ISIS Militants Shot at Pregnant Woman, Husband Rushing to Hospital for Breaking Curfew

Militant Islamist fighters take part in a military parade along the streets of Syria's northern Raqqa province, June 30, 2014. The fighters held the parade to celebrate their declaration of an Islamic "caliphate" after the group captured territory in neighbouring Iraq, a monitoring service said. The Islamic State, an al-Qaeda offshoot previously known as Islamic State in Iraq and the Levant, posted pictures online on Sunday of people waving black flags from cars and holding guns in the air, the SITE monitoring service said. |

The Islamic State terrorist group in Iraq and Syria has begun imposing strict curfews in some towns that it controls, and in the Syrian town of Tel Abyad there was no exception, even for a pregnant mother rushing to the hospital in the middle of the night trying to save the life of her baby.

According to the monitoring group Raqqa is Being Slaughtered Silently, a team of activists who risk their lives to report on the atrocities of ISIS from inside Raqqa, the militants in the North Raqqa province town of Tel Abyad are preventing people from leaving their homes "under any circumstance."

The group reported that the town's curfew spans from 11 p.m. until 6 a.m. and anyone who leaves their home during those hours is liable to be shot, no matter what their reason is.

"[T]he group's patrols have spread and shot towards anything that moves, as they arrested anyone who breaking curfew," the report states.

Although it would be plausible for such a curfew policy to include some exemptions for people who have medical emergencies or other types of issues that require them to leave their house in the middle of the night, militants refuse to accept reasonable excuses for why an unauthorized person is wandering the streets past curfew.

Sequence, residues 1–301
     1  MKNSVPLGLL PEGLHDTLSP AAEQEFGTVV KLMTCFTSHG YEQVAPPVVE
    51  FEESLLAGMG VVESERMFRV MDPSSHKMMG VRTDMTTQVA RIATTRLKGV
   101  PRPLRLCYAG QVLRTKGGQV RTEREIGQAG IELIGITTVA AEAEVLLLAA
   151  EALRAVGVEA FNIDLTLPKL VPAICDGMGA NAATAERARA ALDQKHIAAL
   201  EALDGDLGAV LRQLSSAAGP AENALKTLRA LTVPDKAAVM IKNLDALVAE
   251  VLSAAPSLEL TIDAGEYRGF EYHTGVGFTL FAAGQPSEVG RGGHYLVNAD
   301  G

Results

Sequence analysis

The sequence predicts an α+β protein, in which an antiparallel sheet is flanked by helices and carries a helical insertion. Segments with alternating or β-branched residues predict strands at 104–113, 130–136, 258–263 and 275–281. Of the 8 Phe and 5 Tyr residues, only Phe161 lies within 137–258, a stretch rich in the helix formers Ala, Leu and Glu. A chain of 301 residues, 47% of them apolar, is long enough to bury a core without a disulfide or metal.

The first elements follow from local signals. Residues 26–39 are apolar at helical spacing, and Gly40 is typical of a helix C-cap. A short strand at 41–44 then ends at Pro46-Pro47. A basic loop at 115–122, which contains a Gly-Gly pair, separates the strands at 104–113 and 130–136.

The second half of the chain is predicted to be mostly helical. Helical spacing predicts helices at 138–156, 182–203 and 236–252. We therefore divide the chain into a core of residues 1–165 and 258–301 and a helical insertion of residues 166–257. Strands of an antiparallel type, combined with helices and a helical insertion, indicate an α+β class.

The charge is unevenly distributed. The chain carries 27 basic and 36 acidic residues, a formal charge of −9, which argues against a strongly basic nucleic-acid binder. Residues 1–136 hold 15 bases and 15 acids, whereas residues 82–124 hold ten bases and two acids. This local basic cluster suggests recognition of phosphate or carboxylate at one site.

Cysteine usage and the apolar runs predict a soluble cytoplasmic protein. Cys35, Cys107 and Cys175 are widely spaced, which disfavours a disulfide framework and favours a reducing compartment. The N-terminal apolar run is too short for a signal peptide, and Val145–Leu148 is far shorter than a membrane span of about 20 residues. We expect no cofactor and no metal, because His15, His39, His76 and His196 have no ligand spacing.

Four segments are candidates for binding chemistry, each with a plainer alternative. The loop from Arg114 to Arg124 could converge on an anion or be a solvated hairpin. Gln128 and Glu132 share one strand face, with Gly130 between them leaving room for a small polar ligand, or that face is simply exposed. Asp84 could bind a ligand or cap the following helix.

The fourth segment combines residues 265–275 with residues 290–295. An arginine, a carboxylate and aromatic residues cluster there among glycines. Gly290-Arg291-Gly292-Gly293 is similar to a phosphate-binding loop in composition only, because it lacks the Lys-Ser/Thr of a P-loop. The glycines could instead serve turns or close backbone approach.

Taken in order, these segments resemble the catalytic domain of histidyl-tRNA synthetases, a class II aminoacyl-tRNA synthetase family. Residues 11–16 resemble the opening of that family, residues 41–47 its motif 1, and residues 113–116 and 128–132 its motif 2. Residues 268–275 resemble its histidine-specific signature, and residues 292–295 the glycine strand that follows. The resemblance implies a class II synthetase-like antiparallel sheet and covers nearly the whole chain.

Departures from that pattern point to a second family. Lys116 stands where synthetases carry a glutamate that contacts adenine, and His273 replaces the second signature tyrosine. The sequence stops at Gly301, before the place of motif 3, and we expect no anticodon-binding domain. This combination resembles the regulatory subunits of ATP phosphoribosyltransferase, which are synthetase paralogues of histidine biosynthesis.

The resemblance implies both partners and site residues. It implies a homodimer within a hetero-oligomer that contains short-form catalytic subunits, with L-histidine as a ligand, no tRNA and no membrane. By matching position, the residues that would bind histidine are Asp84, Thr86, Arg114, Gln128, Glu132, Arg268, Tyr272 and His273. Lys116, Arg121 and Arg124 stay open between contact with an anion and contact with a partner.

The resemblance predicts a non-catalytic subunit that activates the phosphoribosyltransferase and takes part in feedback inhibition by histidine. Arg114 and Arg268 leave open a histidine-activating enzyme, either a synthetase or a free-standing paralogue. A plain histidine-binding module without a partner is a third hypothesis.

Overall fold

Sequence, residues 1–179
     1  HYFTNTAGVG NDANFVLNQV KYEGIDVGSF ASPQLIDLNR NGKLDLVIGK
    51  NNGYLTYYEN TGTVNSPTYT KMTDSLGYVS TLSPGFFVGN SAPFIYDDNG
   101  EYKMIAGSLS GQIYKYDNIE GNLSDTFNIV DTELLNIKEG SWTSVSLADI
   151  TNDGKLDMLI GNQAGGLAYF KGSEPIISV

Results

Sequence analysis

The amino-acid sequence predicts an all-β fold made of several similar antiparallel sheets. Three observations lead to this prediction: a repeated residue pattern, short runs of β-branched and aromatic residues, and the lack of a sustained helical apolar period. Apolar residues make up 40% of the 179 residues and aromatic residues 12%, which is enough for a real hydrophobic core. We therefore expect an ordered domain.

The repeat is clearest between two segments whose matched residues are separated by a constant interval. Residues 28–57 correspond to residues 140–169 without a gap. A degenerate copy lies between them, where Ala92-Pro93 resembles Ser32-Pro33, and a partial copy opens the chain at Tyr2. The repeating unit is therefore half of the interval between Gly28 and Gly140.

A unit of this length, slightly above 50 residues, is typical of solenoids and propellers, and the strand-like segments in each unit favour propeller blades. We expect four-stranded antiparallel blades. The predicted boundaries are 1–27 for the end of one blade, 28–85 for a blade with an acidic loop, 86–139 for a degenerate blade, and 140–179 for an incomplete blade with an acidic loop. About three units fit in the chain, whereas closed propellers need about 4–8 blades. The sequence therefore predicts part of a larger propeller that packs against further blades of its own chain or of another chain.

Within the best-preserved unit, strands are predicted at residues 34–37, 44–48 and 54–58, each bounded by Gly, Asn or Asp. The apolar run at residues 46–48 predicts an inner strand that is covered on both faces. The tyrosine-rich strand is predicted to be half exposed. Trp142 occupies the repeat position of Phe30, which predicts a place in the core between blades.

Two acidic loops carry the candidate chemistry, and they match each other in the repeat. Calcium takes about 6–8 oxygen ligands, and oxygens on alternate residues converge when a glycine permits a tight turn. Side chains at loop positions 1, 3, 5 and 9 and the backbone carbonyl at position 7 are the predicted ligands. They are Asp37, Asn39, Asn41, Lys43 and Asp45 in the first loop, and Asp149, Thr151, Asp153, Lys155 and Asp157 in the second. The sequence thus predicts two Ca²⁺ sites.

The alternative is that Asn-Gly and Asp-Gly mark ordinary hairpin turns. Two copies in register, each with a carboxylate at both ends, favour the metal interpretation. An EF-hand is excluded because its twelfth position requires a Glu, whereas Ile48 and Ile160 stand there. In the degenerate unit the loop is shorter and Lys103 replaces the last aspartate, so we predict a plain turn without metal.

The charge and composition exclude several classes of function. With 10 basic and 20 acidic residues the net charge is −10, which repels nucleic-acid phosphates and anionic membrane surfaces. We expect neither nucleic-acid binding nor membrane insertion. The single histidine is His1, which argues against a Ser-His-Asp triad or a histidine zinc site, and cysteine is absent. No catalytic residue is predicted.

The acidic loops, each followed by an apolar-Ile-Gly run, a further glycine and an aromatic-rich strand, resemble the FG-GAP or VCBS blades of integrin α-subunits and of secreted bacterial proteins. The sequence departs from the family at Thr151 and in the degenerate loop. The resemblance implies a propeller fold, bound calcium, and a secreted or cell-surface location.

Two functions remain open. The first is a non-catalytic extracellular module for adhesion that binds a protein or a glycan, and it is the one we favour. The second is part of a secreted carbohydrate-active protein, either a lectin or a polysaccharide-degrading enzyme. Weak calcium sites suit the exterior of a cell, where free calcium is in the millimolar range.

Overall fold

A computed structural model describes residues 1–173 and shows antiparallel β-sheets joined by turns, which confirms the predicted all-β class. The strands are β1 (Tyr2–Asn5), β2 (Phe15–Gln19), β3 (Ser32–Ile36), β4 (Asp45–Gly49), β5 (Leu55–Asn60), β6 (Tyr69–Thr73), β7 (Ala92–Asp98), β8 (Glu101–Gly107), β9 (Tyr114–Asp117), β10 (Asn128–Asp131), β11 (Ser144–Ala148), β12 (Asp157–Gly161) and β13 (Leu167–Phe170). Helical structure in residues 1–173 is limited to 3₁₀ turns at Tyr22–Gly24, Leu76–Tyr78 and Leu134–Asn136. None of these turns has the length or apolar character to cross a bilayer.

Relatives informed Raqqa is Being Slaughtered Silently that a pregnant woman, who had gone into labor in the middle of the night and was severely in danger of losing her baby, was caught rushing to the hospital by ISIS patol troops. A patrol guard shot at her and her husband and forced them to return to their home.

"[T]he husband risked his life, to go and bring a midwife, after her situation became very dangerous, knowing that the militants have shot him during his return to the house," the report added.

One man was shot in the arm by an ISIS patrol guard after he was caught in the streets during the night. The report explained that the man was going to the hospital to get medicine for his sick brother, who was suffering from a severe asthma attack caused by a dust storm. Although he was shot and wounded, the man continued his journey to the hospital, walking nearly a half a mile on his own, because no one wanted to risk being shot at to assist him.

Although ISIS sources claim that the reason for the curfew is to help prevent defections from the caliphate, as many have used the road of Tel Abyad during the night to defect into Turkey, the reason for why the curfew is so strictly enforced is likely to prevent citizens from witnessing ISIS' smuggling operations.

An alleged drug smuggler told the monitoring group that "goods smuggling operations" are taking place at night, shipping goods to and from Turkey. The smuggler said that smugglers pay ISIS a lot of money to make travel easy for them in the middle of the night.

"Note that most smuggled goods to Turkey are tobacco, the group knows this, and gets one million Syrian pounds for every car packed with tobacco in order to allow it to cross," the report stated.

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